If you’re planning on selling a vehicle, there are important steps you definitely need to take to protect yourself.
A St. Cloud couple learned that the hard way after they sold their vehicle themselves and it went horribly wrong.
Paul and Kay Kirby were sued because the person they sold their vehicle to was involved in a crash.
The Kirby’s were not behind the wheel, or even in the vehicle, but they were hit with a $75,000 lawsuit.
“My husband won’t drive his car,” Kay Kirby said. “He’s just a nervous wreck. Its just been horrible.”
They sold the 2003 Lincoln Navigator on October 30, 2014, according to the bill of sale provided to News 6.
Four days later the person they sold it to veered into oncoming traffic and crashed into a school bus, according to a crash report.
"We got mail from investigators, insurance companies, her attorney, so we just sent letters to all of them with the bill of sale to say its nothing to do with us, we sold the vehicle," Kay Kirby said.
When they sold the vehicle, the Kirby’s filled out the right document recording the vehicle’s title number, VIN number and the buyer’s information, but they missed a crucial step.
They never filed the Notice of Sale with the state, so when the crash happened by law the Kirby’s still owned the vehicle.
The insurance company for a passenger on the school bus sued them and the driver for $75,000.
Michael Jungen is an avid News 6 viewer and saw the Kirby’s story when it aired.
"I was shocked to learn that they were still responsible for anything that happened with that motor vehicle," Jungen said.
While watching the story Jungen immediately remembered three vehicles he had sold years prior.
“Immediately after seeing the story I went to the website, logged back in again, just to see if they are indeed still there and, of course, they still are,” he said.
Three vehicles Jungen sold in 1998 are still registered to him, according to the Florida Department of Highway Safety and Motor Vehicles records.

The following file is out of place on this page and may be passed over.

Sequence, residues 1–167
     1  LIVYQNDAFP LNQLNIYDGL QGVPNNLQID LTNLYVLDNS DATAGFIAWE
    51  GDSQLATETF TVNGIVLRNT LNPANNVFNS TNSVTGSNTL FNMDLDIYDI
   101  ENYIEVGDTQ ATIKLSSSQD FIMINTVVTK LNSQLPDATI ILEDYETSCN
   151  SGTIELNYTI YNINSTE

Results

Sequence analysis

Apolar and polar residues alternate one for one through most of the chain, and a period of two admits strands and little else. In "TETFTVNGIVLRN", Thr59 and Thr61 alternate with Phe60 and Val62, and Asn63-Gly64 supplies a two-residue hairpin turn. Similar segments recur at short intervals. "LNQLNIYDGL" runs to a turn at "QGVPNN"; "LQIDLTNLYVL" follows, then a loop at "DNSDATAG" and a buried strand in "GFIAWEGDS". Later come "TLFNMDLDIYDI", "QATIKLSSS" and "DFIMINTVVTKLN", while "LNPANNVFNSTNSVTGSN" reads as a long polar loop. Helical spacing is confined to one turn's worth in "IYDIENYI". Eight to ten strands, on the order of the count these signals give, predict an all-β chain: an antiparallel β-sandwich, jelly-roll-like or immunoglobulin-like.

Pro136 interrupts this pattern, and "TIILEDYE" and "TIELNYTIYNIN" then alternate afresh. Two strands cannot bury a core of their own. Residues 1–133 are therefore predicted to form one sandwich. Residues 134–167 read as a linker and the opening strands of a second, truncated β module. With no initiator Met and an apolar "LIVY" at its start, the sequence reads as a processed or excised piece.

"I had not had them for a long time, so it really didn't bother me, until I saw your story," he said.
Here’s how you check if vehicles are registered to you:
Go to www.gorenew.com which is the Florida Department of Highway Safety and Motor Vehicles website.
After you agree to the terms, you'll then see "locate your records." The site requires you to put in personal information like your name, address, date of birth, full or partial social security number and your driver's license number, depending on the option you choose.
Finally, you’ll see vehicles that are registered to you.
Like Jungen, if you find a vehicle you’ve sold is still registered to you, fill out form HSMV 82050, and return it to DHSMV. It is supposed to be done within 30 days of selling the vehicle, but exceptions can be made, according to the state.
"It's scary to think about what the potential consequences can be if something does happen with one of those vehicles," Jungen said.
When selling a vehicle yourself, DHSMV recommends you conduct the transaction at one of their locations so that you know the buyer has properly transferred the title.
If you can’t do that you should still file the form with the state.
If the buyer never applies for a title the vehicle will still show you as the last owner own, but in terms of liability you have more protection, legal experts say.